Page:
MATRIXSYNTH: Noise Engineering's Desmodus Versio Goes Chameleon with Custom Firmware Support

Tuesday, November 17, 2020

Noise Engineering's Desmodus Versio Goes Chameleon with Custom Firmware Support

You might remember when Noise Engineering's Desmodus Versio reverb module was announced back in August, there was this little included note: "Desmodus Versio isn’t just a reverb, though: it’s a DSP platform. Its firmware can be changed via USB, so it can be transformed into a completely different effect with new firmwares coming late 2020. Are you programming savvy? Open-source support will be released later this year."

Well, it looks like that time has arrived.

via Noise Engineering

"In August 2020, we released the Desmodus Versio, Noise Engineering’s reverb. Maybe you heard about it. We were pretty excited about a lot of things about it:

It’s a pretty kick-ass reverb.

It’s a DSP platform that users can update via USB, so we could create lots of alt firmwares for people (more on that soon. Very soon.).

It’s based on an open platform, so from the beginning, we knew we wanted to open it up so people could create their own firmwares too.

So we asked the software engineers at NE to help us less programming savvy folks talk about how this works.

First thing to note: writing custom firmware requires basic understanding of the C / C++ programming language. If you are not proficient in C / C++, there are plenty of resources or even other modular platforms to get started on!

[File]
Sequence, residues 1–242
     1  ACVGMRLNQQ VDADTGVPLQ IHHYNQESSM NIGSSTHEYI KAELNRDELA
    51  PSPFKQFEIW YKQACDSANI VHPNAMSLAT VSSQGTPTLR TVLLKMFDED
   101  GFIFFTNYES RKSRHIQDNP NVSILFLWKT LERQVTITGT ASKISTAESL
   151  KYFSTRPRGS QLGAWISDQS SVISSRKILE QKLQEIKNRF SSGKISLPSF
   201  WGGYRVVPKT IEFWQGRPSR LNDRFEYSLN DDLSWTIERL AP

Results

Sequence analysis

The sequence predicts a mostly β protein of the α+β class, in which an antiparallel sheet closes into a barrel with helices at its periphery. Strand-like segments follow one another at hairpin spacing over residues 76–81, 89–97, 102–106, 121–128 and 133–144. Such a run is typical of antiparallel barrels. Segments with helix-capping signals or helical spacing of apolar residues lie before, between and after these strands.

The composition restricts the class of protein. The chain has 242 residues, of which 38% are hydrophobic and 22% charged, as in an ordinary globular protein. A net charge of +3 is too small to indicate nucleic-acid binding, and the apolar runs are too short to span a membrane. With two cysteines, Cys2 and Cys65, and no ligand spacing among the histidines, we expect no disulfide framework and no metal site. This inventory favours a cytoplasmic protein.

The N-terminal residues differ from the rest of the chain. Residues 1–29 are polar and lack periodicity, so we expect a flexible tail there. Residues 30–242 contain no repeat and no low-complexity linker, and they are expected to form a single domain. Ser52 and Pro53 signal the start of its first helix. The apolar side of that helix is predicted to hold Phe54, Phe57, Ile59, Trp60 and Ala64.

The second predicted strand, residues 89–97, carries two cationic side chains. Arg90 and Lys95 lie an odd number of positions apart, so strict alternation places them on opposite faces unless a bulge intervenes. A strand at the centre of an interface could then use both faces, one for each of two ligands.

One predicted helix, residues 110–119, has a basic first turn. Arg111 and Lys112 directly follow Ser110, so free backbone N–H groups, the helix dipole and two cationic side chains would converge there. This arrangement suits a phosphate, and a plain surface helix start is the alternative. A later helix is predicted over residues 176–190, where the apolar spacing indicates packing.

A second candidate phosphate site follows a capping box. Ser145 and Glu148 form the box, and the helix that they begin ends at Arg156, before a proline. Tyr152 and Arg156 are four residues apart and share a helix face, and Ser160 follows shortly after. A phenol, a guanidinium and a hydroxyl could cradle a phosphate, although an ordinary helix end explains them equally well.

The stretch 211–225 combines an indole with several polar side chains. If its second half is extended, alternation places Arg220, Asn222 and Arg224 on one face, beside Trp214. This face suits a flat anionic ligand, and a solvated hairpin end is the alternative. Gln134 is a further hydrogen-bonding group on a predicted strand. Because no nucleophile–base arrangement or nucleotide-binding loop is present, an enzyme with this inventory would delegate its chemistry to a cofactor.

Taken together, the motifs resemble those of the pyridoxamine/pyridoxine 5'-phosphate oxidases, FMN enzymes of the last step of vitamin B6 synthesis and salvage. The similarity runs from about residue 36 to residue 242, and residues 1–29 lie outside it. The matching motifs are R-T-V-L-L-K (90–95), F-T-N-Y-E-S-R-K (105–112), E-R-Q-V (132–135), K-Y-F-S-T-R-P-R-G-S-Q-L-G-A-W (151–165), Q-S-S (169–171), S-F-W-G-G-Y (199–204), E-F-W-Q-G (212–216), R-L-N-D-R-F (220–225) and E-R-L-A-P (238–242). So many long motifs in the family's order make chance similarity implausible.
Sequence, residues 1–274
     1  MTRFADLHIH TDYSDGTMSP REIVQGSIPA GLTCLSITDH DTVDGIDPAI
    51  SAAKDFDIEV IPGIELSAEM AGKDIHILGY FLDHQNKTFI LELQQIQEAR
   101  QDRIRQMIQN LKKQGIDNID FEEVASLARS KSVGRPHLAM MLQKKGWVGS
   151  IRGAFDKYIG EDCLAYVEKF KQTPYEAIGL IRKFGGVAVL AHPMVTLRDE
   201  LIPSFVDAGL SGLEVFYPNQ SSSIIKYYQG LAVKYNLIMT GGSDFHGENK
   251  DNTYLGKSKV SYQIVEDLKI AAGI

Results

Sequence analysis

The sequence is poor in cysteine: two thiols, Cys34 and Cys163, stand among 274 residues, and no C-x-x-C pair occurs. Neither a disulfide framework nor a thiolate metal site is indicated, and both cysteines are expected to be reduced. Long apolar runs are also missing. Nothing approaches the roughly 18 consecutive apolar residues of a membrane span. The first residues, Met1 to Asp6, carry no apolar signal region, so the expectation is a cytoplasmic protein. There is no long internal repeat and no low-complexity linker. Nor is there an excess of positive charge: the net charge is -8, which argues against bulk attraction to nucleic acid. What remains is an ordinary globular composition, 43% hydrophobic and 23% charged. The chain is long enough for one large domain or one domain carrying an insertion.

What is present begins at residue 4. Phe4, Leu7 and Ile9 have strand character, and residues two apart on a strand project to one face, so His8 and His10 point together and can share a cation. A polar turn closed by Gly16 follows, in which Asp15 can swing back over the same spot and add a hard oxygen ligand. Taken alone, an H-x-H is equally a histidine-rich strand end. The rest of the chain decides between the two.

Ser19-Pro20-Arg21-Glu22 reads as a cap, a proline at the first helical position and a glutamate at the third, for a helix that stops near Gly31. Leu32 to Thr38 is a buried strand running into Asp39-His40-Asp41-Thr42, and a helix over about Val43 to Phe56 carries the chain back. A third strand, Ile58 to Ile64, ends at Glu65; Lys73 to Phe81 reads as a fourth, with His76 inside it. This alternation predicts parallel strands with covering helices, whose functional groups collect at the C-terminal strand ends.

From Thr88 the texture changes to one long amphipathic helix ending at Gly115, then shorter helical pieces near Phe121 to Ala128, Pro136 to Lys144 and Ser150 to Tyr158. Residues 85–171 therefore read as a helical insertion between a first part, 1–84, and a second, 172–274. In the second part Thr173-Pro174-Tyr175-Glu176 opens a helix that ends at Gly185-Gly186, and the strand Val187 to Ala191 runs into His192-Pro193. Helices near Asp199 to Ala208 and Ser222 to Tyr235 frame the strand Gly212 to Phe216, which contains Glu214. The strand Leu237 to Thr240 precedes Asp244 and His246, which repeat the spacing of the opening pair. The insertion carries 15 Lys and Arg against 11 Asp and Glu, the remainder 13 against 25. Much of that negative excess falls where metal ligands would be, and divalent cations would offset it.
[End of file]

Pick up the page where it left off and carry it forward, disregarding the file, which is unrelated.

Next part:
Ok, onward.


If you look at the back of your Versio module, you should see a mounted yellow board with a micro-USB port. This is the Daisy Seed, an embedded audio platform created by Electrosmith. It is the main processing unit on the Versio hardware, i.e., where programs are downloaded, or 'flashed.'

We opted for the Daisy platform for a lot of reasons, but the biggest was that it would be the best customer experience. At the time that the Daisy Seed became a contender for us, we had been developing, in parallel, a similar board (called George). Moving to the Daisy Seed board allowed us to speed development, decrease cost for our users, and take advantage of the large (and growing) community behind the Daisy ecosystem

Daisy is powerful and handles stereo in/stereo out with ease with up to 24-bit, 192 kHz audio processing, 64 MB SDRAM, and 8 MB of flash memory. Got an idea that you want in Eurorack? If any embedded processor can handle it, it’s probably this one."

Click here for additional details on Noise Engineering website.

The following is a demo by Cinematic Laboratory of the Ampla Versio, an 'all in one' VCA, VCFA, ADSR with chorus running on the Desmodus Versio.

The Bat Verb | Part 04 | Ampla Versio firmware | Desmodus Versio

Here is the full playlist:

The Bat Verb | Noise Engineering Desmodus Versio videos by Cinematic Laboratory
Cinematic Laboratory


1. The Bat Verb | Part 01 | Noise Engineering Desmodus Versio
I am always curious when Noise Engineering comes with something new and they never disappoint. I love reverbs. I am lucky to have the Erbe-Verb, Milky Way, Z-DSP, Clouds and ZVERB but I was pretty confident the Desmodus (Vampire Bat) Versio (Versatile) would add something new to my collection. And it did. This is just a first-patch so there will be a part 2 soon. Trust me, this video is only scratching the surface.